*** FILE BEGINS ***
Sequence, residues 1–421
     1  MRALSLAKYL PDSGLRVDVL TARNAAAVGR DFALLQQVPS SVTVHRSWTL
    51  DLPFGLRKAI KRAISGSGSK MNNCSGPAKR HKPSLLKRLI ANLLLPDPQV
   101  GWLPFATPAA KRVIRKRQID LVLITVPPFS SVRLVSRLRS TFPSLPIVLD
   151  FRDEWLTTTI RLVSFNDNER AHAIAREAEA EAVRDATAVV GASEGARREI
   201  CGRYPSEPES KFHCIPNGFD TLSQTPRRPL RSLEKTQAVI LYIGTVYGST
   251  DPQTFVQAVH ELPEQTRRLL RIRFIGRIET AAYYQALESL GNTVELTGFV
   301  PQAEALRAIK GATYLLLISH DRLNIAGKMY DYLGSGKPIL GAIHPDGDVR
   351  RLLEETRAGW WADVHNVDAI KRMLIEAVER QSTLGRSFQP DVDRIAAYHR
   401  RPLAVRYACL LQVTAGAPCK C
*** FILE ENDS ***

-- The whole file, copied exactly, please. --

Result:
Sequence, residues 1–421
     1  MRALSLAKYL PDSGLRVDVL TARNAAAVGR DFALLQQVPS SVTVHRSWTL
    51  DLPFGLRKAI KRAISGSGSK MNNCSGPAKR HKPSLLKRLI ANLLLPDPQV
   101  GWLPFATPAA KRVIRKRQID LVLITVPPFS SVRLVSRLRS TFPSLPIVLD
   151  FRDEWLTTTI RLVSFNDNER AHAIAREAEA EAVRDATAVV GASEGARREI
   201  CGRYPSEPES KFHCIPNGFD TLSQTPRRPL RSLEKTQAVI LYIGTVYGST
   251  DPQTFVQAVH ELPEQTRRLL RIRFIGRIET AAYYQALESL GNTVELTGFV
   301  PQAEALRAIK GATYLLLISH DRLNIAGKMY DYLGSGKPIL GAIHPDGDVR
   351  RLLEETRAGW WADVHNVDAI KRMLIEAVER QSTLGRSFQP DVDRIAAYHR
   401  RPLAVRYACL LQVTAGAPCK C